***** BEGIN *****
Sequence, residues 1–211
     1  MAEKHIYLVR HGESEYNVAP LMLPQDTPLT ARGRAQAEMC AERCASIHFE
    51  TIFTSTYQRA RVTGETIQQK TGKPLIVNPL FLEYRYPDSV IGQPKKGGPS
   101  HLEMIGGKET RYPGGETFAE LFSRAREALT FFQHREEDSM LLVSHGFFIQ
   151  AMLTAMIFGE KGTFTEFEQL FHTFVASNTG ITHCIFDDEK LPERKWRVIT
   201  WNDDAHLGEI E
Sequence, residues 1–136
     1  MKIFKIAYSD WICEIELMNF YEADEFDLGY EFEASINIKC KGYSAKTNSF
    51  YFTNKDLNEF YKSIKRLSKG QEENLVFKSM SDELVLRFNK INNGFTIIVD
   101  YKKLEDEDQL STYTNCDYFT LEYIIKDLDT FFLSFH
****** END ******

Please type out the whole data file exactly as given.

Sequence, residues 1–211
     1  MAEKHIYLVR HGESEYNVAP LMLPQDTPLT ARGRAQAEMC AERCASIHFE
    51  TIFTSTYQRA RVTGETIQQK TGKPLIVNPL FLEYRYPDSV IGQPKKGGPS
   101  HLEMIGGKET RYPGGETFAE LFSRAREALT FFQHREEDSM LLVSHGFFIQ
   151  AMLTAMIFGE KGTFTEFEQL FHTFVASNTG ITHCIFDDEK LPERKWRVIT
   201  WNDDAHLGEI E
Sequence, residues 1–136
     1  MKIFKIAYSD WICEIELMNF YEADEFDLGY EFEASINIKC KGYSAKTNSF
    51  YFTNKDLNEF YKSIKRLSKG QEENLVFKSM SDELVLRFNK INNGFTIIVD
   101  YKKLEDEDQL STYTNCDYFT LEYIIKDLDT FFLSFH